Reach Records (June 22, 2010)
Reviewed by LaRosa
To only be in his early 20’s, it feels like Trip Lee has been around for a minute. Starting his career with an appearance on a 116 Clique compilation in 2005 and dropping his first solo release the following year, this brother appears to be hard at work perfecting his craft for the glory of the Lord. The last time we heard from him, he was telling us to get our eyes off him and put them on Christ with 20/20. Now he’s back with his latest offering titled Between Two Worlds.
Meant to be an album that depicts the dichotomy of a young Christian man living in a fallen world & body while anticipating greater things to come, Between Two Worlds is a solid follow up to 20/20. Unlike his previous efforts, this project is much more upbeat musically and more personable from a lyrical perspective. With much more singing than on previous albums, Trip Lee offers hope to the listener that this world isn’t all there is; his music points them to Jesus Christ and the world to come where He reigns as our hero. You get to view the thoughts of a young Christian who, like any other, has to deal with the realities of this world while seeking to glorify his God.
Trip Lee puts his best foot forward this album, and it’s that resolve that makes this an enjoyable project to listen to. One of the stronger points of Between Two Worlds is Trip’s choice to step out and deal with subject matter that isn’t talked about often in Christian music. A couple of tracks that shine in this respect would be “Covenant Eyes” with PRo where the emcees talk about keeping themselves pure and not falling prey to the traps that this world sets up with the way certain women dress; and, the other is “Bear With You” with Tedashii which has the artists talking about walking in grace toward others. Another high point in this album would have to be the beat selection, with Trip choosing to rap over styles that he’s not typically accustomed to, which makes for a nice break in what we’re used to getting from him.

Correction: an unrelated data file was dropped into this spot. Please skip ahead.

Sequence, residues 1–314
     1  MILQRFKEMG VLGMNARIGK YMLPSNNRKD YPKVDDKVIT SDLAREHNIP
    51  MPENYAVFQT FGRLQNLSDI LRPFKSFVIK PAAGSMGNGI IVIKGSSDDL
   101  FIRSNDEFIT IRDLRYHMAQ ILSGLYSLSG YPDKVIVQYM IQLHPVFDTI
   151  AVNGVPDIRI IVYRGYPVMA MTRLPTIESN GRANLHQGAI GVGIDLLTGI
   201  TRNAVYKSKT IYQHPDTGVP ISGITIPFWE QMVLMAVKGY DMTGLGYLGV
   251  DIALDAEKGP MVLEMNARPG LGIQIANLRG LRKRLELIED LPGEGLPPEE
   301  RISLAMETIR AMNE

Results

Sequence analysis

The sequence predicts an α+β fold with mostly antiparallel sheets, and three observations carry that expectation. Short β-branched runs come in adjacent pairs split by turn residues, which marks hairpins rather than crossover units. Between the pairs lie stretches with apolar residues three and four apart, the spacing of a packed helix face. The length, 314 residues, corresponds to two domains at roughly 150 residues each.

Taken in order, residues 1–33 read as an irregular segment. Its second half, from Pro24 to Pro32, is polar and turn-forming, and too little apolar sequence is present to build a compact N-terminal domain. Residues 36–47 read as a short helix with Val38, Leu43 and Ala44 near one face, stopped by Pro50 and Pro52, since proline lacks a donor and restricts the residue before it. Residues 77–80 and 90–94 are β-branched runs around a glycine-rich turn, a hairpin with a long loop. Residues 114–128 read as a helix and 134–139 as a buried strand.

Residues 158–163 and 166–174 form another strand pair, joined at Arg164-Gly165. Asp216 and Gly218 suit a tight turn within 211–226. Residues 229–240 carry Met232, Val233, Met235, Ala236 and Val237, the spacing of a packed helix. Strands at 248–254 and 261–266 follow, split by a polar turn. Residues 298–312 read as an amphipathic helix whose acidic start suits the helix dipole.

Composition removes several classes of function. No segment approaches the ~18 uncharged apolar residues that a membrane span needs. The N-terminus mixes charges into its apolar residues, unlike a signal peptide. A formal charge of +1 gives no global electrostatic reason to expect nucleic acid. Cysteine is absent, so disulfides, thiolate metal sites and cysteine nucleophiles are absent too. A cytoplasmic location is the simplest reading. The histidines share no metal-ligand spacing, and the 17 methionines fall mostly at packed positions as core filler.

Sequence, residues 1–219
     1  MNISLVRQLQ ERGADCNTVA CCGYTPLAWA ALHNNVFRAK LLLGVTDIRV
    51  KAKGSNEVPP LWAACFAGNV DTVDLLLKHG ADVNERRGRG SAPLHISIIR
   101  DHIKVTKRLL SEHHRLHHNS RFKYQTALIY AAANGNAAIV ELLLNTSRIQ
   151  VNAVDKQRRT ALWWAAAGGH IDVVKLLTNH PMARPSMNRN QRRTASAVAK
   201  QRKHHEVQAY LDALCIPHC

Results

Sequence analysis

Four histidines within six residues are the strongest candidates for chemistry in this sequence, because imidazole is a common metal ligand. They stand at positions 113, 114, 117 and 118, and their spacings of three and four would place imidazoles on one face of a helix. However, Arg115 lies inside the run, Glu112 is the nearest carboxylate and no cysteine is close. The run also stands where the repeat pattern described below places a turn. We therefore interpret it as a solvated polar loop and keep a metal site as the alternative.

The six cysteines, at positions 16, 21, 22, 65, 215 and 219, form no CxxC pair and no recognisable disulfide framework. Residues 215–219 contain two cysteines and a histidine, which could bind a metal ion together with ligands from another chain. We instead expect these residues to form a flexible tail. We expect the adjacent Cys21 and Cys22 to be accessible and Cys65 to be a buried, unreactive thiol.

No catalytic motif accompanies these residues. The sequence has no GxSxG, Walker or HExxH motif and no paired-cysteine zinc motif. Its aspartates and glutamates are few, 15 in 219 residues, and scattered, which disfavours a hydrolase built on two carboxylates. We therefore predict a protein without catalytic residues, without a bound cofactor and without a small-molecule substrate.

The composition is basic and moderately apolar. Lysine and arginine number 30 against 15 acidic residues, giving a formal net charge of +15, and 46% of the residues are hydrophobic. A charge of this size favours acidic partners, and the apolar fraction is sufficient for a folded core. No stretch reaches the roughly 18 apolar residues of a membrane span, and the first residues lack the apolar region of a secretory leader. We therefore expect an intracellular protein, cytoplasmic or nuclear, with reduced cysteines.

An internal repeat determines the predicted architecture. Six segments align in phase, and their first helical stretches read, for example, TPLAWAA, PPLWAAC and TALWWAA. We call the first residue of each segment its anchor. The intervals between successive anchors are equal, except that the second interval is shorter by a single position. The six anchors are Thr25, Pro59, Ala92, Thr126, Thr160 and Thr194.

While there’s a lot to like about this album, it’s not without its faults. Trip Lee got a lot of praise for his attempt to step out of the box with his subject matter and production, but overall that’s more the exception than the rule. For the most part, Trip stays close to home with topics that are familiar to him and the Reach camp, and the same can be said for the somewhat typical & expected production. The lack of originality in the content has to be the biggest downfall in this album. Songs like “Snitch” and “Prognosis” are the kinds of evangelistic songs that Reach have become known for, but these same songs are rehashes of previous material put in new packages, which can become bland for the seasoned Christian hip-hop listener. In terms of the production, even though it might sonically sound better to the ear, as a whole Between Two Worlds seems to be quite similar in sound to Trip’s first two releases.
As a concept album, Between Two Worlds holds up quite well. Trip Lee does a good job in depicting the realities of this current world in its fallen state & the struggles that people deal with, while providing a hope that shines through the darkness. Although the project has its lows in terms of rehashed content and comfortable beats, this is by far Trip’s best work to date. He finally feels at home on the mic and is starting to experiment with his sound, which will serve him well in the future. Between Two Worlds is definitely worth a listen and you shouldn’t be disappointed.
Purchase Between Two Worlds CD – download – iTunes
For fans of: Reach Records, Lecrae, Tedashii, 116 Clique, Sho Baraka